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NCAA’s Southern Comfort: Judge Geography Affects Legal Outcomes

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Today’s guest columnist is Chris Corr of Troy University.

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When the Board of Regents of the University of Oklahoma and the University of Georgia initially filed an antitrust lawsuit against NCAA in 1981, U.S. District Judge Lee Roy West immediately recused himself. The watershed lawsuit in NCAA litigation history involved the association’s monopoly of television rights and was the first case to challenge the NCAA’s authority before the United States Supreme Court.

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As a native of Oklahoma and a graduate of the University of Oklahoma, West had no doubts about his inability to separate his loyalty to the school from his duty to make an impartial decision. AT interview since April 2011, West has detailed that his OU allegiance began there when he was a student and has grown through Oklahoma’s success in football; his personal friendship with the Sooners head football coach, three-time national champion, Barry Switzer; and his close friendship with All-American and Oklahoma football team captain Norman McNabb.

Like most students, Lee Roy West was very proud of his alma mater. Unlike most of his colleagues, Judge West could change the legal scales with his opinions and rulings.

West’s recusal in 1981 highlights new findings from researchers at Troy University and the University of South Carolina College Athletic Research Institute (CSRI), who examined the demographics and peer networks of judges who ruled NCAA-related cases.

Between 1973 and 2020, a total of 174 federal judges issued 234 NCAA decisions. Of these decisions, judges sided with the university sports governing body in 63% of cases.

The study showed that the demographic and educational background of judges play an important role in this group of cases. For example, judges born in states that host the Southeastern Conference sports program were 43% more likely to rule in favor of the NCAA than judges born outside the country. SPK track. Also of note, judges who attended an NCAA Division I facility were 15% more likely to rule in favor of the NCAA, while those who attended a Power Five facility were 19% more likely to rule in favor of the NCAA.

Although analysis of the context and merits of each case requires nuance, it seems that SEC-born judges have historically shown more respect for the NCAA and its practices.

Such recognition can be found in a number of cases challenging the NCAA filed in the US District Court for the Northern District of California, presided over by Judge Claudia Wilken. Judge Wilken, a Minnesota native who attended both Stanford and UC Berkeley Law School. declared that the acronym SEC made her think of the Securities and Exchange Commission rather than a sports conference. Insolence.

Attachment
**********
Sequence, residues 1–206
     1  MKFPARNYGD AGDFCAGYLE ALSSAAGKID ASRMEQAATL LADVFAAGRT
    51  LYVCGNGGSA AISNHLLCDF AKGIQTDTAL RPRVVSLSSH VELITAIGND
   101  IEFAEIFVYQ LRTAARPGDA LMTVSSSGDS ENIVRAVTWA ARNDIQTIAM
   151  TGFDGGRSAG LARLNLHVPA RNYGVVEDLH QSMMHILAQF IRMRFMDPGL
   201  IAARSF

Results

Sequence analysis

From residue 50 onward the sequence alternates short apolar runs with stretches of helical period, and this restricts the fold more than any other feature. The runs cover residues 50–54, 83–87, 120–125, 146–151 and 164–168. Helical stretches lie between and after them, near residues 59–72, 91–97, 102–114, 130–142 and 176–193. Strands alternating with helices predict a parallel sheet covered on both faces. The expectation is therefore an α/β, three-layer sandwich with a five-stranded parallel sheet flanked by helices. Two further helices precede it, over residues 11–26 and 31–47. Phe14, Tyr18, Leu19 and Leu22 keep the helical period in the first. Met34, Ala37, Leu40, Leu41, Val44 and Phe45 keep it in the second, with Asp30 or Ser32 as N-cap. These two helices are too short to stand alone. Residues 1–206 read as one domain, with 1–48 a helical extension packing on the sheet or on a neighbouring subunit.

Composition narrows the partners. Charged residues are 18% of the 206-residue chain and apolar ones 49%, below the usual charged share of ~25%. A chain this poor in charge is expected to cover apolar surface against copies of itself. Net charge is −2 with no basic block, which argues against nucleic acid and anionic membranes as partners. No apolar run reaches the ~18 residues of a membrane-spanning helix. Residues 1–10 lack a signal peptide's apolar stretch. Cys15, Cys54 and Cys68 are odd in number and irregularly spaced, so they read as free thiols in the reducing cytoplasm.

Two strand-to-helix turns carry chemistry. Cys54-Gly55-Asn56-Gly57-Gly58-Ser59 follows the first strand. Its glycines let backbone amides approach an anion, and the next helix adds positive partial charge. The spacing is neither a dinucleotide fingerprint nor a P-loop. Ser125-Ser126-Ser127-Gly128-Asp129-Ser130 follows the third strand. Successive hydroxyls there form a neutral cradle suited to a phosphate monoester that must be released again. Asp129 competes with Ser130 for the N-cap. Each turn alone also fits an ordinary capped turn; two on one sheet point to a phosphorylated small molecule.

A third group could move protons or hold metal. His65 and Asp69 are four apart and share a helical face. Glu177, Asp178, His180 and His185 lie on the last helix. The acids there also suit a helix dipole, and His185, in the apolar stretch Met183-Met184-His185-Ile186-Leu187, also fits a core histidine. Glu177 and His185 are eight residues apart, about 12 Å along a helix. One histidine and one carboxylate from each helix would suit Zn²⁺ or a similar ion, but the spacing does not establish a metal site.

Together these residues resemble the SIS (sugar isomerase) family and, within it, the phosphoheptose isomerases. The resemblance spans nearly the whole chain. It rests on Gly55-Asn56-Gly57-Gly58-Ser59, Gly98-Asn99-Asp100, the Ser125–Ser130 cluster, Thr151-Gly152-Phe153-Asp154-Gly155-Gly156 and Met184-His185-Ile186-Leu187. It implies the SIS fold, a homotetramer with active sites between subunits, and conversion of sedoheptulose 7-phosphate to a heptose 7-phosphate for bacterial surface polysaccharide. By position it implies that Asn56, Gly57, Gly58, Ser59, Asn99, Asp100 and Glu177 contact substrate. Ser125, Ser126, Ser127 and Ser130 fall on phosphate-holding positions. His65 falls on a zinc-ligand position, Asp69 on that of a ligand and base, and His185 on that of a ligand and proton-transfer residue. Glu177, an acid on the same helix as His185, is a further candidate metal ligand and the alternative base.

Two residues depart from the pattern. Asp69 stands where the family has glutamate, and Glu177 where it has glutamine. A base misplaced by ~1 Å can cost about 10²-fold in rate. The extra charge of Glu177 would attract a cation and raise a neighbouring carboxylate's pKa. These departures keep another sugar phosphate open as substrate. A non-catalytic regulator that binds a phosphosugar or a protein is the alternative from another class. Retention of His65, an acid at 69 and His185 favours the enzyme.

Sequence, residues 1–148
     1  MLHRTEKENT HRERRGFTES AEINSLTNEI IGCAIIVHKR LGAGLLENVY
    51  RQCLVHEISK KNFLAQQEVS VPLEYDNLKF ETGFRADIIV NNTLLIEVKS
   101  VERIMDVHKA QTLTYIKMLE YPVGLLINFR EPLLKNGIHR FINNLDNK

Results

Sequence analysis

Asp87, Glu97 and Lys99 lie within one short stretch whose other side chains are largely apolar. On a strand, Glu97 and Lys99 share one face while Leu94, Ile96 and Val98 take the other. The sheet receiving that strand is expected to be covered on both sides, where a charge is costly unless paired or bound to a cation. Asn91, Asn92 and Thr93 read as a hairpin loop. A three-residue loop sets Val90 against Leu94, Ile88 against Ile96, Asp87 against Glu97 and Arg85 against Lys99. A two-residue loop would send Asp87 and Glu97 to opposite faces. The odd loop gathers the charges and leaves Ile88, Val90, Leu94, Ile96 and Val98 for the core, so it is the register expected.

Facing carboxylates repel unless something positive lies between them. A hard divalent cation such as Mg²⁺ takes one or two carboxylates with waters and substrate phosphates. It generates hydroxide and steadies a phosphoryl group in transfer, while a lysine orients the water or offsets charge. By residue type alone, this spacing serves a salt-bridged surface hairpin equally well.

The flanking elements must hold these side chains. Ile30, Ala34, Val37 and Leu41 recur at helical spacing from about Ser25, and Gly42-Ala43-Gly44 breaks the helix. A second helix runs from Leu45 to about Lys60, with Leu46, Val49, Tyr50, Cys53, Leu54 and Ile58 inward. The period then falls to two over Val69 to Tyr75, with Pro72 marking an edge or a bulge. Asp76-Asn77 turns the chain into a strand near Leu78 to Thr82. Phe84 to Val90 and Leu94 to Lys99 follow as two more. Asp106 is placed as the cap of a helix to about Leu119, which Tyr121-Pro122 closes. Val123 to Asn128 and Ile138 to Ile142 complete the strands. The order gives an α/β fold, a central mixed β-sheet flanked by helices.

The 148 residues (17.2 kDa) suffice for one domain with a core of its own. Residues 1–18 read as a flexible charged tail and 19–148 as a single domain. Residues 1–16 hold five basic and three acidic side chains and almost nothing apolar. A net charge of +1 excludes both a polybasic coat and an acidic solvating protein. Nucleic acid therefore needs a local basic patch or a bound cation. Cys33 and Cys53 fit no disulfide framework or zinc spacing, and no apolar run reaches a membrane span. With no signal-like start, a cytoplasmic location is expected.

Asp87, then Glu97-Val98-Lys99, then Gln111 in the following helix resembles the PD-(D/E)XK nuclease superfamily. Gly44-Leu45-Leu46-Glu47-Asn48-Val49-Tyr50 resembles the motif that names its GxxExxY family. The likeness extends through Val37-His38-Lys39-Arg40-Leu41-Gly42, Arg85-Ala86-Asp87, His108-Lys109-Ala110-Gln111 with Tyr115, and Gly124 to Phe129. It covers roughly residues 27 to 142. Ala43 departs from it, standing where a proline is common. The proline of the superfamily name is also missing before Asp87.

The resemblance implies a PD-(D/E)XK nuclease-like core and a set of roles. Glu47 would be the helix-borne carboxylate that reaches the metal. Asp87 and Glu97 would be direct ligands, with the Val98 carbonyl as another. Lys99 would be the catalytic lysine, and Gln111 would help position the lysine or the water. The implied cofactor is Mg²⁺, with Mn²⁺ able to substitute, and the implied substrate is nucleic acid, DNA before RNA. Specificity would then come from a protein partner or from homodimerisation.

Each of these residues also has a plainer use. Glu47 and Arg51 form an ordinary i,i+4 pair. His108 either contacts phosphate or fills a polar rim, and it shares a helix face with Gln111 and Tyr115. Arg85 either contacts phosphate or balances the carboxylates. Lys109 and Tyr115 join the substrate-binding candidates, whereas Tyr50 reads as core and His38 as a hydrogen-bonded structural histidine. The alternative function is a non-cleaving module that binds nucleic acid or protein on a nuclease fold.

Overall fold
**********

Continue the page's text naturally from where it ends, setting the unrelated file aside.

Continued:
In 2021, SCOTUS unanimously rules against the NCAA and its practices. Judge Brett Kavanaugh, a DC native and a Yale graduate, said “the NCAA is not above the law,” while adding that “nowhere else in America can businesses get away with agreeing not to pay their workers a fair market rate based on the theory that that their product is determined by the fact that they do not pay their workers the fair market rate.”

Such fiery comments illustrate the dubious legality of many NCAA practices. However, some referees may not be able to impartially make decisions regarding the NCAA due to the impact collegiate athletics has on identity in the United States. Unlike Lee Roy West in 1981, most judges probably don’t see their State of U fandom as a legitimate reason to recuse themselves in an NCAA case.

Recent history tells us that this conflict of interest assumption may not be so far-fetched. In 2009, an Alabama court judge granted a request to delay an upcoming civil lawsuit in January. Why? Thus, lawyers could attend the BCS national championship involving Alabama and Texas. In 2010, another judge from Alabama delayed trial due to the BCS National Championship involving Auburn and Oregon. Again in 2012 Alabama third judge granted a request for a stay of the trial so lawyers can attend the BCS national championship game involving Alabama and Notre Dame. Not to be outdone, Georgia state court judge granted delay in 2017 due to CFP title game between Georgia and Alabama.

How about 2018 study Louisiana State University economists who found that umpires hand out harsher penalties after their favorite college football team is defeated, or if the defendant is affiliated with a rival university? And don’t forget Chief Judge John Roberts, who in 2008, as guest judge at the University of Florida law student competition, made sure to stay over the weekend to catch Tim Tebow and the Gators battling the Miami hurricanes. . I was there and met him in the Presidential Suite. He stayed throughout the game.

It is not a crime to be a college football fan, but the possible consequences of such fanaticism should be noted. As the Troy/CSRI study shows, referees closely associated with college football—or geographies where college football is more like a religion than a fandom—may have been the biggest opponent of NCAA lawsuits in the past four decades.

Bailiffs, take note.

Corr, a former football club employee, is an assistant professor in the School of Hospitality, Sports and Tourism Management at Troy University. Additional information about the CSRI and their annual Adjusted Release Reports can be found at www.csri.org.

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Source: sports.yahoo.com

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